Eat, Recipes

No Fret-ta Bruschetta

As my sister Allyson would say after her experience living abroad in Firenze, Italy, “it’s pronounced “brus-ket-ah”. Although I have every intention of paying homage to the country and its native language where this incredibly simple, yet delicious dish originated, I somehow always fail to remember the proper pronunciation and usually go with the Americanized version of “bru-she-tah”.

Now that I have successfully made the dish, I feel a heightened sense of obligation to correct my verbal delivery of this recipe’s title. Before I share the recipe, I will add that I especially appreciate that this popular “aperitivo” or appetizer encompasses the three Italian national colors: green (basil), red (tomatos), and white (fresh bread and garlic). Also, I made the recipe with multi-grain bread to make it heartier and healthier.

Chop, Strain, Toss, Toast, Top, Serve!
Chop, Strain, Toss, Toast, Top, Roast, Serve!

Rebeccammended appetizer recipe when entertaining guests at home, or as a guest contribution when attending a dinner party: No Fret-ta Bruschetta.

No Fret-ta Bruschetta


  • 1 containter or medium-sized bag of small cherry tomatos
  • 1 package of fresh basil leaves
  • Olive oil
  • Balsamic vinegar
  • 4 fresh garlic cloves
  • 1 loaf fresh multi-grain bread (the more rustic, the better, and a French Bread loaf would work as well)


  1. Preheat the oven to 400 degrees Fahrenheit
  2. Slice the bread loaf if not pre-sliced
  3. Cover 2 cookie sheets with foil and lightly coat with cooking spray
  4. Lay the bread slices flat on the cookie sheet; fill the sheet
  5. Lightly drizzle or brush olive oil on the top of each bread slice and place in the oven for 10 minutes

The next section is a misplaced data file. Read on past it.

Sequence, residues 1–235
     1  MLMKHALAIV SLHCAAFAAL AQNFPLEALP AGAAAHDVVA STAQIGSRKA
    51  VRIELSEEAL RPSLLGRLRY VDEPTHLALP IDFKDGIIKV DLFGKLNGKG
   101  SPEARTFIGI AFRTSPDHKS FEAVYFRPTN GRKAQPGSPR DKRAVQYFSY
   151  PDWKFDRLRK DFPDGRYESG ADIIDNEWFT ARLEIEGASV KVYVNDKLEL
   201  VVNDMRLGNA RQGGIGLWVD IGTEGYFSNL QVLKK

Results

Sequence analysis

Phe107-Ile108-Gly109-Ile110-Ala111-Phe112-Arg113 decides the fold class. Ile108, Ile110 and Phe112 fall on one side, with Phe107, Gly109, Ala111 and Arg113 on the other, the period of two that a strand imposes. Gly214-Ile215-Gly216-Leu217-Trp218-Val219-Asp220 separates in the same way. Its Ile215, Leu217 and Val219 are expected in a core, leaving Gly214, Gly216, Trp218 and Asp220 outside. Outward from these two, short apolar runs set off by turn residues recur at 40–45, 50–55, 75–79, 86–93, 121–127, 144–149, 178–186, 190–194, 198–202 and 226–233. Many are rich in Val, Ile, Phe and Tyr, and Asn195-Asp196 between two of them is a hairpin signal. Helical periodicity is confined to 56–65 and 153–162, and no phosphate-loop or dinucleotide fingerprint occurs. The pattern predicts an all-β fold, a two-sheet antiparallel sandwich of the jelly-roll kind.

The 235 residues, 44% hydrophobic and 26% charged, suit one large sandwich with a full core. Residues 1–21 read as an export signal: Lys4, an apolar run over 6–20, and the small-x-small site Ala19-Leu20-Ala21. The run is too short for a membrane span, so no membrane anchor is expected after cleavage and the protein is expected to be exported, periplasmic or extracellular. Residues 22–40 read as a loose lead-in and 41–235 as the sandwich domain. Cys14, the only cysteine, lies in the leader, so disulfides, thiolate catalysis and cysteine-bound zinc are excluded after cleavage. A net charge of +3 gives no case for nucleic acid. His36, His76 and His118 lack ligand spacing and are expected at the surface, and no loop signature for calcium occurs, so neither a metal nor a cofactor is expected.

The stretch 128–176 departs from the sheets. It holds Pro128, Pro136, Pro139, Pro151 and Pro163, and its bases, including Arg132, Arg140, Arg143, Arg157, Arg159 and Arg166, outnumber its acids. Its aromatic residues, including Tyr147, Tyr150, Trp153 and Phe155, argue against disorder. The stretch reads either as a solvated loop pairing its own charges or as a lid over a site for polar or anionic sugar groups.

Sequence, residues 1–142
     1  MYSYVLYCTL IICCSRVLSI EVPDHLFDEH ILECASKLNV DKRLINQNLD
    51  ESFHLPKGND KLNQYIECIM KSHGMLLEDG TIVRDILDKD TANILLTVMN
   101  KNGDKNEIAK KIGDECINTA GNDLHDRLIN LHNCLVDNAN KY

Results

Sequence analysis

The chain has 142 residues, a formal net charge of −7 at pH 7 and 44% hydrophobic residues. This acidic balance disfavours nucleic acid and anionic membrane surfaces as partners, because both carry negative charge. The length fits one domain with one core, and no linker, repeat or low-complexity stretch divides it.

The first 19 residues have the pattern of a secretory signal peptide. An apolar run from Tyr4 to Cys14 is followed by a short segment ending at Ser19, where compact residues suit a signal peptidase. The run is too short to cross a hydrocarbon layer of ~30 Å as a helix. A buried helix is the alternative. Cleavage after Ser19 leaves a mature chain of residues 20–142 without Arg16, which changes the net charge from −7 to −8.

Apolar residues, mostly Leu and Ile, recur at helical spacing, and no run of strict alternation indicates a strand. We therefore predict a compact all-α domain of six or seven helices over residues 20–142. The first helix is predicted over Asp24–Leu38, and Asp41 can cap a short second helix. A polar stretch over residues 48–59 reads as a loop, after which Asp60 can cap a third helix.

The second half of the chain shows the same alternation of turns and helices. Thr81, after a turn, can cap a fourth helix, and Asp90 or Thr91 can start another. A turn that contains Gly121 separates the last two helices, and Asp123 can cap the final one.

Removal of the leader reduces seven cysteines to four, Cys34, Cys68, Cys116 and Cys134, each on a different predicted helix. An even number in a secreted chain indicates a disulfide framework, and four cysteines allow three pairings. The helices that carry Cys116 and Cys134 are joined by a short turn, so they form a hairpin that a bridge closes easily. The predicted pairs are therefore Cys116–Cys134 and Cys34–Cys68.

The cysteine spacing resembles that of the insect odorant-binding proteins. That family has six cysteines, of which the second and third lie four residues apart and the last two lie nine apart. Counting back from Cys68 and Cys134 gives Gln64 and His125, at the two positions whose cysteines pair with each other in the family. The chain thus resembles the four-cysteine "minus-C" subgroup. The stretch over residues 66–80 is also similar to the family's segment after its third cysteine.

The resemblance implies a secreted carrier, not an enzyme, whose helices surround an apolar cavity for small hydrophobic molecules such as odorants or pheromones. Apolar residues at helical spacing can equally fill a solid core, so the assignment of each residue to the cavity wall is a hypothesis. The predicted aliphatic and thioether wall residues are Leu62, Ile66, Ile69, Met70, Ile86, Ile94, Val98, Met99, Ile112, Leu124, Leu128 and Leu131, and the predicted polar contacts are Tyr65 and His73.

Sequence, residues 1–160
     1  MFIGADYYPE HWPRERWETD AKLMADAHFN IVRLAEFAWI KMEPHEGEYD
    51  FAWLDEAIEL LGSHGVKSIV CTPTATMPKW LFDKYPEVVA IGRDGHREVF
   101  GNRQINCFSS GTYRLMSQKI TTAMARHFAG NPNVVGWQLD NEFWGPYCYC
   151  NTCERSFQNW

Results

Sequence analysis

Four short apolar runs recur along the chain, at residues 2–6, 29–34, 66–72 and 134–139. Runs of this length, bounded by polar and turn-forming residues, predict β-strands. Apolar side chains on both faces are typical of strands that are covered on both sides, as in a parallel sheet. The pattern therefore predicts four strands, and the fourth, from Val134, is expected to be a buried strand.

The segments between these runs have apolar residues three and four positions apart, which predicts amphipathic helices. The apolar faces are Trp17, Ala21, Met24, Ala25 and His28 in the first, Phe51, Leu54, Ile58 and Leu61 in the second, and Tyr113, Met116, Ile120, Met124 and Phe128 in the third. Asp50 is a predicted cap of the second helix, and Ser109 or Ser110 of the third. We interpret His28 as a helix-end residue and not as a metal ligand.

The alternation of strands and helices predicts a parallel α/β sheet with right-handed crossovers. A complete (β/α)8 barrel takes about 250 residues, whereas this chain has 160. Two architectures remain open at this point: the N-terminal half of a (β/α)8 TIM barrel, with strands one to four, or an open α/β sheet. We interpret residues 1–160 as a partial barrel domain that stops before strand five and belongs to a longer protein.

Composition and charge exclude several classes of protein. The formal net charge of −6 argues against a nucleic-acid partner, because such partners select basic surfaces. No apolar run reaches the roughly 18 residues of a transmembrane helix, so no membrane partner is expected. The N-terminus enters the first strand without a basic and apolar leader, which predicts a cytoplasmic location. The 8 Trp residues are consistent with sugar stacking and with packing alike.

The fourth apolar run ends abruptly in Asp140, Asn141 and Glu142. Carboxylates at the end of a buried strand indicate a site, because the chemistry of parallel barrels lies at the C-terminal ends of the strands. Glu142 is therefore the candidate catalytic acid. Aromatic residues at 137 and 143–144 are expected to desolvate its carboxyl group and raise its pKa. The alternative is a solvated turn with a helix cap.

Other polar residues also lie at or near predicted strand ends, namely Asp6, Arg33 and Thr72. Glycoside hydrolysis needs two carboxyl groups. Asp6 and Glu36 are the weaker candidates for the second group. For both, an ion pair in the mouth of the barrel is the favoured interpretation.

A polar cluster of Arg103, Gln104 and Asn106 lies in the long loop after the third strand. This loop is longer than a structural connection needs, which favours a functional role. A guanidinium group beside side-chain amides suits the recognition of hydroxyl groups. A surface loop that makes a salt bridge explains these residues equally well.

6. While the bread is broiling in the oven, wash and dry the tomatos
  7. Cut the tomatos into quarters, and place in a strainer to remove excess water, tomato juice, and seeds (if you do not strain, the bread can get soggy when you top it with the tomato mixture)
  8. Place the strained tomatos in a medium-sized bowl
  9. Finely chop and add the 4 garlic cloves to the tomatos
  10. Wash, dry, and finely chop the basil leaves (add as much as you like, to taste) and add to the tomato and garlic mixture in the bowl
  11. Add 3-4 tablespoons of olive oil to the mixture
  12. Add 3 tablespoons of balsamic vinegar to the mixture, and toss to coat the tomatos (this adds a touch of tangy-sweetness to the topping)
  13. After the bread has toasted for 10 minutes, spoon the tomato, garlic, basil mixture on the top of each bread slice
  14. Place the trays back in the oven for 5 minutes. This will lightly roast the topping, while preventing the bread from becoming soggy or burning.
  15. Remove trays from the oven, then remove each bruschetta slice and place on your serving platter(s).
  16. Take a bite and enjoy!

9 thoughts on “No Fret-ta Bruschetta”

  • Jodi September 8, 2009 at 9:58 am

    Looks fresh and delicious Rebecca!

  • TheRebecca September 8, 2009 at 3:19 pm

    Thanks, Jodi! It was crunchy and flavorful…just the right combo!

  • Ally September 12, 2009 at 8:21 pm

    TOMATOES! not “tomatos” silly girl

  • Top Austin Blog Posts Week of September 6th 2009 | Republic of Austin September 14, 2009 at 12:04 pm

    […] The Rebeccamendations offers a quick and easy recipe for “No Fret-ta Brushcetta.” […]

  • Top Austin Blog Posts Week of September 6th 2009 | Republic of Austin September 14, 2009 at 12:04 pm

    […] The Rebeccamendations offers a quick and easy recipe for “No Fret-ta Brushcetta.” […]

  • Charles September 15, 2009 at 7:19 pm

    I love the title! Haha, and I also included a pronunciation guide for my bruschetta recipe!

  • How to Host a Petit Soiree January 10, 2010 at 7:30 pm

    […] evening. Halley and I provided the following appetizers: Homemade Pita Chips for the hummus, No Fret-ta Bruschetta (made with a mulitgrain baguette), pasta salad, and homemade guacamole (blended in the food […]

  • Foreign, yet So Familiar July 29, 2010 at 7:39 am

    […] dish was my favorite. Not only because the Tomato & Manchego tasted like a lighter version of Bruschetta topping, eaten like a salad, but also because we could tear off a piece of the popover and dip it […]

  • Tina July 25, 2013 at 10:21 pm

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